Thinking of Others By Woodrow Kroll
And Abraham got up early in the morning to the place where he stood before the LORD.
SELFISHNESS is innate to man's being. Human philosophy says, "Look out for number one for if you don't, no one else will." The question of the first murderer, "Am I my brother's keeper?" is still being asked in society today. This is indeed unfortunate. When we live self-centered lives we are denied the joy of delighting in others.
Abraham was a man little given to such selfishness. When he and nephew Lot came to a parting of the ways, Abraham gave his kin first pick of the land. Looking eastward on the fertile plain of the Jordan, Lot fell prey to temptation and chose the valley thick with vegetation. Abraham then withdrew to the oaks of Mamre, near Hebron, in the center of the south hill country. Willing to obey the stern inward call of duty, Abraham quietly received the less desirable terrain.
The picturesque valley of the lower Jordan was dotted with five "cities of the plain." They were Sodom, Gomorrah, Admah, Zeboim, and Bela, which was later renamed Zoar. Sodom, the chief city of this pentapolis, was so wicked that a particularly abnormal sin still bears its name. Here the worldly Lot chose to settle and even become prominent. The men of this city were especially wicked and sinned exceedingly before the Lord. How it must have grieved the genuinely pious Abraham to see his nephew choose these surroundings.
In the course of time three angelic guests stopped at the door of Abraham's tent in Mamre. Abraham greeted them hospitably and made ready a feast. As the men prepared to leave, Abraham accompanied them a short distance toward Sodom. Two of the strangers went on ahead while the third, who was actually the Lord, lingered awhile with Abraham. It was then that Abraham received the crushing news. The Lord had come with His two angels to destroy the wicked cities of Sodom and Gomorrah. The sins of these two cities were so heinous and abundant that God could no longer tolerate their existence. They must be destroyed.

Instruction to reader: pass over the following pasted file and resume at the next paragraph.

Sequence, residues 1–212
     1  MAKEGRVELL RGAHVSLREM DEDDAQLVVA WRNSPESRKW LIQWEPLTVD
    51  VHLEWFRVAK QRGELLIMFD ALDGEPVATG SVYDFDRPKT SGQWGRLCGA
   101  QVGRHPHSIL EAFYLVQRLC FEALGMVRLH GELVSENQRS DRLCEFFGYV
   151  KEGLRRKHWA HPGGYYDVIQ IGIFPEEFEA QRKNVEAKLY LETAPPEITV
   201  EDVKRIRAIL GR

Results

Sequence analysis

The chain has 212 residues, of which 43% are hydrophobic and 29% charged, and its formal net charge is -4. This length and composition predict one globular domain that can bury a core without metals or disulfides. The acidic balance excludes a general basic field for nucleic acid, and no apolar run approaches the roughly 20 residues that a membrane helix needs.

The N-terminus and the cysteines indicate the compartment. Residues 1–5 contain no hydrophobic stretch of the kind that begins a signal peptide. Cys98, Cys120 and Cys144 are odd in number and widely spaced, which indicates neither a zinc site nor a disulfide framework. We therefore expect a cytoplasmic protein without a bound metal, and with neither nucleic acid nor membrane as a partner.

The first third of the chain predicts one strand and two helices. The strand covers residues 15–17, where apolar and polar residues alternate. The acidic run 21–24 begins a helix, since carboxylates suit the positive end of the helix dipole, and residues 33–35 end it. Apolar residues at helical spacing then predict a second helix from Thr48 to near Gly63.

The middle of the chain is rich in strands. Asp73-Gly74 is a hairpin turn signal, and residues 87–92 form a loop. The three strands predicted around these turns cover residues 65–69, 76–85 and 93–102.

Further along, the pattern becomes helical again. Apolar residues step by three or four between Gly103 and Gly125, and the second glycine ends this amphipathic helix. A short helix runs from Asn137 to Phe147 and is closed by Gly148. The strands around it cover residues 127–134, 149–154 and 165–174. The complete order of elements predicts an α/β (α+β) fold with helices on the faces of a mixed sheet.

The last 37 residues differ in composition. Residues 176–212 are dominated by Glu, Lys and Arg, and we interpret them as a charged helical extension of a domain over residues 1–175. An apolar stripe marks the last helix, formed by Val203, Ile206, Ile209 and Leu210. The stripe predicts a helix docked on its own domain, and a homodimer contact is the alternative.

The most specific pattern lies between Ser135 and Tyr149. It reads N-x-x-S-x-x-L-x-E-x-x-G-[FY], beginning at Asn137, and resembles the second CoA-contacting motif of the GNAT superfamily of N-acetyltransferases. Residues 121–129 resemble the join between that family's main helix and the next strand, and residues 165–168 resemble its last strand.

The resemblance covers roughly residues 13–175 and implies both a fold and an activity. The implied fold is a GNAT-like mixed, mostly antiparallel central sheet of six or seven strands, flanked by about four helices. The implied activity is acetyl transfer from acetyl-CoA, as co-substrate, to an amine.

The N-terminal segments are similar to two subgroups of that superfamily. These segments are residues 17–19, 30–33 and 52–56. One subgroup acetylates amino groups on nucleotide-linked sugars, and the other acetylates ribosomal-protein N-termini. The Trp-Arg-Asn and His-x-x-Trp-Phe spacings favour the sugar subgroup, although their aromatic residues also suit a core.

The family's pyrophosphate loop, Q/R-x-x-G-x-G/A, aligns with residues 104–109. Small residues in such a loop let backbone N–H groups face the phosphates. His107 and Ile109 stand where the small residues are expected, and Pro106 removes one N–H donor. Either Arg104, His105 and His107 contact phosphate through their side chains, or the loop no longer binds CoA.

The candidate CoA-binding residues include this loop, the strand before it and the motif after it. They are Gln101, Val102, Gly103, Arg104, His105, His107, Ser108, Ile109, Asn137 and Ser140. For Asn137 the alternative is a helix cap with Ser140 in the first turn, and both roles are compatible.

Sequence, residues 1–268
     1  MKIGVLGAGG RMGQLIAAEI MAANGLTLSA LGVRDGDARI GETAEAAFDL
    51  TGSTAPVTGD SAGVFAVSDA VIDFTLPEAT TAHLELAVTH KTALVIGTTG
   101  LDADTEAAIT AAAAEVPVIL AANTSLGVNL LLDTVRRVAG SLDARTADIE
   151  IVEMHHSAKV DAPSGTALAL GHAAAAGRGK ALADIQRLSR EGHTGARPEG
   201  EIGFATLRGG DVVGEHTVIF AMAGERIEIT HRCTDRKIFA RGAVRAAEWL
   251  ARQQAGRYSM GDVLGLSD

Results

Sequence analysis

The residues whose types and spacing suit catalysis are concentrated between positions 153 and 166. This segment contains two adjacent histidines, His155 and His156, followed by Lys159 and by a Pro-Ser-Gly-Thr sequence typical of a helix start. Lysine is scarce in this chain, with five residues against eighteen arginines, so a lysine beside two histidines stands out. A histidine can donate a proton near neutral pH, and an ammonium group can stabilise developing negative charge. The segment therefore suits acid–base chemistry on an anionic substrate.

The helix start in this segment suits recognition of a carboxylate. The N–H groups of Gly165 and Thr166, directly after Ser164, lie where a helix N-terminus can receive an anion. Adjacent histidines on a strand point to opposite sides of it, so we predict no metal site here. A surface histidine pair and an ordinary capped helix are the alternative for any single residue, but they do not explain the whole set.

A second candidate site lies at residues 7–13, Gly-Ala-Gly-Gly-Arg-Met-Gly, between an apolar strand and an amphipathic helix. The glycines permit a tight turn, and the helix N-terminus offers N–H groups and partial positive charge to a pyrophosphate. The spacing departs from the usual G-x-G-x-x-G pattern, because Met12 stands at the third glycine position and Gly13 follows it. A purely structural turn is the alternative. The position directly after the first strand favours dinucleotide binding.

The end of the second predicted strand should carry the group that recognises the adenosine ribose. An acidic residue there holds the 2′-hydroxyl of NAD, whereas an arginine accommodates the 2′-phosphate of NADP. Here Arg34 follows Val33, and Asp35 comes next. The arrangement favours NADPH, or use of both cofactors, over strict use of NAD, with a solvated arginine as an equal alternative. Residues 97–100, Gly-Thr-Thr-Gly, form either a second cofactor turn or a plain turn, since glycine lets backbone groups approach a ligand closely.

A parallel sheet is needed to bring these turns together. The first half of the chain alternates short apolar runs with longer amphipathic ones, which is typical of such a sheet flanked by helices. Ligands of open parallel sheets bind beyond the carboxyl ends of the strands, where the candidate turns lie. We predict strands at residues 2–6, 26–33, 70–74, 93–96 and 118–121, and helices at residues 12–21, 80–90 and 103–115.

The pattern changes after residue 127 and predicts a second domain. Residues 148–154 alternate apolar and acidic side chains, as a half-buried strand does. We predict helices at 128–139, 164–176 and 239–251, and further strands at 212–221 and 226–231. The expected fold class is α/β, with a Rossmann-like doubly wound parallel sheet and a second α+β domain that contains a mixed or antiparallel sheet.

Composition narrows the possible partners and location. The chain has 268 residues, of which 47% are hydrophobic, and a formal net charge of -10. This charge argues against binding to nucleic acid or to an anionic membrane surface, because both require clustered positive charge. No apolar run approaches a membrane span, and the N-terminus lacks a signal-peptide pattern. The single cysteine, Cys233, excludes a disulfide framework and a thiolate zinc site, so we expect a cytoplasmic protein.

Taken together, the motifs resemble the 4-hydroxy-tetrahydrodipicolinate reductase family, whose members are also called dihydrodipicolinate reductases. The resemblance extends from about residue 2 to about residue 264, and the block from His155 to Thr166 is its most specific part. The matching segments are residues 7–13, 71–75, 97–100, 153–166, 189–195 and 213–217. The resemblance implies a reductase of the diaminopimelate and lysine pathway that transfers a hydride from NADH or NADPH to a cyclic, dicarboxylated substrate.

Immediately Abraham thought of Lot. He began to intercede with the Lord in Lot's behalf. After a typically oriental bargaining session, Abraham pled with the Lord not to destroy Sodom if ten righteous people could be found in it. The Lord agreed. However, there could not be found ten righteous citizens in this horribly wicked city and its destruction was certain. The angels prompted Lot to take his wife and two daughters and escape to the mountains. Lot fled, not to the mountains, but to the city of Zoar and as soon as he arrived the Lord rained fire and brimstone down upon Sodom and Gomorrah.
This fierce fire and brimstone that fell from Heaven not only destroyed the cities and their inhabitants but even the soil around them. The entire valley was burned out and utterly destroyed. It is likely that either the Dead Sea originated with this catastrophic event or that the existing sea was greatly enlarged to the south by engulfing this destroyed valley.
And what of Abraham? Is he resting comfortably in his tent while all this is going on? Not at all. Genesis 19:27 records, "And Abraham got up early in the morning" and viewed the smoke rising from the plain. He was genuinely interested in the welfare of Lot and his family and eagerly awaited news of them. The foolish nephew was spared from this devastation because God remembered the concern of Abraham.
Lot had slapped Abraham in the face by choosing the best land for himself. He had broken the heart of God's friend by settling in a center of wickedness. Abraham had every right to care nothing about Lot's welfare, yet he did care. He arose early, unselfishly, for he had learned not to seek his own but the good of others (1 Corinthians 10:24; Philippians 2:4). If you want to be happy today, why not spend the day helping others? Be interested in them; pray for them; bring good cheer to them. It will do a lot for you, too.
Others, Lord, yes, others,
Let this my motto be.
Help me to live for others,
That I might live like Thee.